This has always been, and will continue to remain, the big holiday of my extended family. We gather with both my mom's and my dad's side of the family on Christmas Eve during two separate family functions. It was a blessing to see all of my family again and enjoy the laughs that come so easily with the ones you have loved for years.
However, as good as all of the festivities and gifts are, it's amazing that these temporal things still do not compare with the wondrous gift of Jesus Christ, in the flesh, the incarnate Son of God.
I heard a great sermon yesterday from Pastor Tim Batchelor of Spring Place Baptist Church here in Chatsworth, Georgia. The sermon focused on the meaning of Jesus as Immanuel. It brought to my mind the glorious reality that Jesus Christ walked among real people in real time and space. Brother Tim pointed out that this was not a symbolic title. God incarnate walked among men.
For some reason, my thoughts turned to my new shoes. In a pre-Christmas feeling of compassion, my mom decided to buy me two new pairs of shoes. My old ones were simply horrible. It's hard to describe the condition they were in, but it's like the vinyl part on top was peeling off. They looked pathetic... Both my dad and mom commented on how awful they looked.
At the same time, I thought also of Christ. He was wrapped in swaddling cloths, literally rags. I knew how much I hated wearing my ugly old shoes, but they were all I had. I really didn't have the money to go out and buy some new pairs of shoes to replace. If I had more resources, I sure wouldn't have chosen to keep wearing those old shoes. Yet, when it comes to the incarnation, Christ chose the rags. I don't understand that, but I know that it's true. Christ chose to debase Himself and become low.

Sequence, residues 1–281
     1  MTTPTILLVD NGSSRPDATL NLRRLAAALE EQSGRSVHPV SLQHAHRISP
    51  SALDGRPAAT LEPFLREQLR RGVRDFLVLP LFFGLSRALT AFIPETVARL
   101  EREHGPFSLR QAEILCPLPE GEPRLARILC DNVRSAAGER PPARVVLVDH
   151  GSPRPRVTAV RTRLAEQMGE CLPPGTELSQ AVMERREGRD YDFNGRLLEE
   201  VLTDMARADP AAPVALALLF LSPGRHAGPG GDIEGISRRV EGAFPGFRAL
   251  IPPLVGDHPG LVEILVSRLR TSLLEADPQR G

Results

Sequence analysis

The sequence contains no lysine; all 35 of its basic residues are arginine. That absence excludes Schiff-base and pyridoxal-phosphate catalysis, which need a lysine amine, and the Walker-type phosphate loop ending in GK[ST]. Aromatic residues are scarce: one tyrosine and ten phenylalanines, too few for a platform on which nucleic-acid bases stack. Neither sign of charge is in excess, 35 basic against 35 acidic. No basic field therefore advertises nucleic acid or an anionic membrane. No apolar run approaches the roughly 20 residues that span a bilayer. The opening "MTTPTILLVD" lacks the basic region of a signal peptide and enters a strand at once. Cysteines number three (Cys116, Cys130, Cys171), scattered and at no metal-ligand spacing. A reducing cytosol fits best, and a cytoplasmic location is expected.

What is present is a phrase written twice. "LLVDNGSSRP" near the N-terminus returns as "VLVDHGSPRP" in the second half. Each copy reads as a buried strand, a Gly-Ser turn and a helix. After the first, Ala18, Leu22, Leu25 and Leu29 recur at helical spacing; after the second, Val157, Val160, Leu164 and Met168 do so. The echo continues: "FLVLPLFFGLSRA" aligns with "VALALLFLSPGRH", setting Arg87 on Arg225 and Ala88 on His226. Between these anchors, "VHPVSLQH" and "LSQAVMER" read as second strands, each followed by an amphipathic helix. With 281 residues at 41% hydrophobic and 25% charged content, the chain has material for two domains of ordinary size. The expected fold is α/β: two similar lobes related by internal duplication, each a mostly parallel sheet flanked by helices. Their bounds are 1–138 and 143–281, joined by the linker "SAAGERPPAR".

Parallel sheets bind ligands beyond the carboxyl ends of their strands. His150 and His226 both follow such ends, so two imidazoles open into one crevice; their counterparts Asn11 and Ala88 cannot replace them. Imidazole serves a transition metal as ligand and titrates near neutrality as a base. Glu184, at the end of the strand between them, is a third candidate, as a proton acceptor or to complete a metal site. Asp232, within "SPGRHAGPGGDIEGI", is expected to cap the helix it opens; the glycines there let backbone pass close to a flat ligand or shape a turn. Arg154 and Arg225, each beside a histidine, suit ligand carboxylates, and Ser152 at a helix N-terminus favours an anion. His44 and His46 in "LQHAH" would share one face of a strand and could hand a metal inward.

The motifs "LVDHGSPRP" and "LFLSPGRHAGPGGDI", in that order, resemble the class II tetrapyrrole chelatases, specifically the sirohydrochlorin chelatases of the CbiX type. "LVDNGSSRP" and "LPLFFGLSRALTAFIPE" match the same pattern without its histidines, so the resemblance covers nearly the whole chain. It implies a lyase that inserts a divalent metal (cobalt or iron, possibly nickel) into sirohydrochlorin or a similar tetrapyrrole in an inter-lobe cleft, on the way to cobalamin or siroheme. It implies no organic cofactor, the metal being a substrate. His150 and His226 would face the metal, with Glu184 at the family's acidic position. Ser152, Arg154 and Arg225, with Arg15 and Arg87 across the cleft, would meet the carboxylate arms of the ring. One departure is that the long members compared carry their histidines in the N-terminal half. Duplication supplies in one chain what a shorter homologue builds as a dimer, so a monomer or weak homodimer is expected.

My thoughts turn to Philippians 2:5-11 (ESV). Christ "made himself nothing" (Phil. 3:7, ESV) and became a servant. His goal while walking this earth was to glorify the Father and be obedient to Him in all things, including the call to go to Calvary. He chose those rags for His sheep.
My new shoes are a testimony to my parents' generosity and care for me. They have chosen to bestow honor on me through giving me nice things and have taken away the shame of my poor, ratty, old shoes. In a similar way, Christ no longer bears the rags. He no longer endures the suffering of Calvary or the shame of being stripped naked before a crowd and slowly murdered by angry religious zealots.
No, the Father has lifted Him up, and He bears a name to which all in the universe will one day bow. The Father has chosen to honor His Son. He no longer has those rags. Instead, He bears wisdom and power and honor and glory and blessing.
I pray that when I wear my new shoes I'll be reminded of Christ's humiliation and the subsequent glory He bears in His glorified body. I pray that my every step will be a reminder to endure the humiliation of the world as a follower of Jesus Christ as well as a reminder that the pain and suffering of this world brought about by sin will one day vanish.
I thank God for those new shoes, but I think Him even more for the Christ who chose the rags.